# soft computing

Soft computing is a body of knowledge that consists of a group of computational techniques that are applied to complex computations that seek to achieve as close to a human solution as possible. These techniques are based on artificial intelligence[1] and they consist of : evolutionary computations, probabilistic reasoning, neural networks and fuzzy logic.

The term was first coined by *Zadeh L.A(1994)[2]*.

Soft computing techniques are employed for complex computations such as optimizations.

*This piece is the first article of this blog. This blog will document my AI/ML journey, therefore starting with a piece about soft computing is apt given that it was my first foray into artificial intelligence.*

You’ll find this piece interesting if you’re a noob in AL/ML like me and have a generous disposition towards a fellow noob sharing what they hope passes for knowledge, or you just generally are curious about stuff and generally have a generous disposition.

I recently completed my masters degree project which was on intelligent scheduling in fog computing. The project examined the process of scheduling within a domain(fog computing) and uses a soft computing heuristic to optimize its scheduling process with respect to the total energy consumption of the domain system.

The soft computing heuristic employed is called a genetic fuzzy rule based system (FRBS). This heuristic makes use of a genetic algorithm based learning technique called **Pittsburgh**[3] to produce optimized rule bases for the main fuzzy inference system algorithm.

Learning techniques for FRBS are based on algorithms such as evolutionary algorithms(GA and particle swarm optimizations) and neural networks.

Karr(1991) proposed the pioneer work in genetic learning for FIS.

The concept of a learning technique for fuzzy rule based systems stems from the concept of linguistic modelling which is considered to be the most important application of fuzzy logic in academia.

In soft computing, fuzzy logic is used instead of binary logic to achieve the aim of coming as close to human solutions as possible.

### Component Parts of Soft computing

The various component parts of soft computing are as follows:

- Evolutionary computations
- Fuzzy logic
- Probabilistic Reasoning
- Neural Networks

All four of these parts may interplay in groups of twos or threes to form wholly new heuristics that make up individual user's required problem solving algorithm.

In the case of my masters degree, we combined fuzzy logic and evolutionary computations for our heuristic. The heart of the heuristic is the fuzzy inference system while the brain of the heuristic is the learning technique for the fuzzy inference which so happens to be a genetic algorithm.

## PittsBurgh: A genetic Algorithm Based Learning Technique For FRBS

Fuzzy inference systems are used in various applications to make as close to human decisions as possible[4]. Their most prevalent applications include those involving control systems. However, they do not have any self-learning abilities for the design of their knowledge bases, hence why learning techniques are essential and used.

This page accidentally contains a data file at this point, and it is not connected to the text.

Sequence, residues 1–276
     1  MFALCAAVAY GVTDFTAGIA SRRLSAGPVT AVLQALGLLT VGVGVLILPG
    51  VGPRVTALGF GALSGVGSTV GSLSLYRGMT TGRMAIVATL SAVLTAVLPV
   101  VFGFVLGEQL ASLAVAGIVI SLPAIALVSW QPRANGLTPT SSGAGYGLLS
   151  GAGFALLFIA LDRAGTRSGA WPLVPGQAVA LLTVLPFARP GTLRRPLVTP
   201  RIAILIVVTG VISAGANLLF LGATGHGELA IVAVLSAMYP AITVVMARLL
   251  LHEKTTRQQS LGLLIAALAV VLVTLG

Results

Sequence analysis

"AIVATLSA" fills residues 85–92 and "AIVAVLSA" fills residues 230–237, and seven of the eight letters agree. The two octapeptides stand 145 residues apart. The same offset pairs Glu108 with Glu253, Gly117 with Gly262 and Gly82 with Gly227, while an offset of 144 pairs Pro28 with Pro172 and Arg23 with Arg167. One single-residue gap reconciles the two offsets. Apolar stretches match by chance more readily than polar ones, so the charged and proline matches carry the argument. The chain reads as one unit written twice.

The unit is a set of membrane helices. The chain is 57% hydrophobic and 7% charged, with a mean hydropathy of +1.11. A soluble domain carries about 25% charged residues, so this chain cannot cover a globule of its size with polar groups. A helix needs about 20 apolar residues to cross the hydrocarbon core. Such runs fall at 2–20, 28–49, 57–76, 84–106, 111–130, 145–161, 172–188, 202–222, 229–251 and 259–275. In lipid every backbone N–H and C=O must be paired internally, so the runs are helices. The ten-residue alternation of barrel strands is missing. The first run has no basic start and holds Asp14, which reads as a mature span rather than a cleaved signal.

The most common learning techniques are those involving evolutionary computations particularly genetic algorithm. Particle swarm optimizations and simulated annealing algorithms are also used.

Apart from the foregoing, neural networks and interpolation methods are also used for FIS knowledge base learning.

There are 3 genetic algorithm based learning techniques: Pittsburgh, Michigan and Iterative Rule learning techniques.

### Pittsburgh

In pittsburgh, each chromosome is a whole rulebase or knowledge base.

A rulebase is a collection of fuzzy rules.

For example, consider a FIS with 2 inputs and 1 output with 3 independent linguistic terms(at the input) as shown below:

inputs and output with their linguistic terms

The fuzzy rules for this FIS could include the following:

*if x1 is low and x2 is medium then y is poor*

*if x1 is medium and x2 is medium then y is medium*

*if x1 is high and x2 is medium then y is high*

A chromosome within the population of the genetic algorithm could encode rules like the one above in the following way:

each of the fuzzy rules above is encoded in this one chromosome like so

After encoding the fuzzy rulesbases in each chromosome, the genetic algorithm is then employed for the optimization of the rulebases for the FIS.

### A Quick Step-by-Step on How to Use a Genetic Fuzzy Inference System

- Decide what your ultimate end-goal is. In the case of optimizations, decide the parameters you want to optimize. This will inform the decision on the right inputs and outputs for the FIS.
- Encode the fuzzy rules in individual rulebases for each chromosome.
- choose a learning technique.
- optimize your rulebase with your learning technique.
- Integrate your heuristic into your desired point of optimization/domain environment.

**References**

Choudhury, B., & Jha, R. (2016). Soft Computing Techniques. In Soft Computing in Electromagnetics: Methods and Applications (pp. 9-44). Cambridge: Cambridge University Press. doi:10.1017/CBO9781316402924.003

Zadeh, L., 1994. Fuzzy logic, neural networks, and soft computing. Communications of the ACM, 37(3), pp.77-84.

Alcala, R., Casillas, J., Cordon, O., Herrera, F. and Zwir, I., 1970. Techniques for Learning and Tuning Fuzzy Rule-Based Systems for Linguistic Modeling and their Application.

Vaščák J. (2013) Automatic Design and Optimization of Fuzzy Inference Systems. In: Zelinka I., Snášel V., Abraham A. (eds) Handbook of Optimization. Intelligent Systems Reference Library, vol 38. Springer, Berlin, Heidelberg. doi.org/10.1007/978-3-642-30504-7_12

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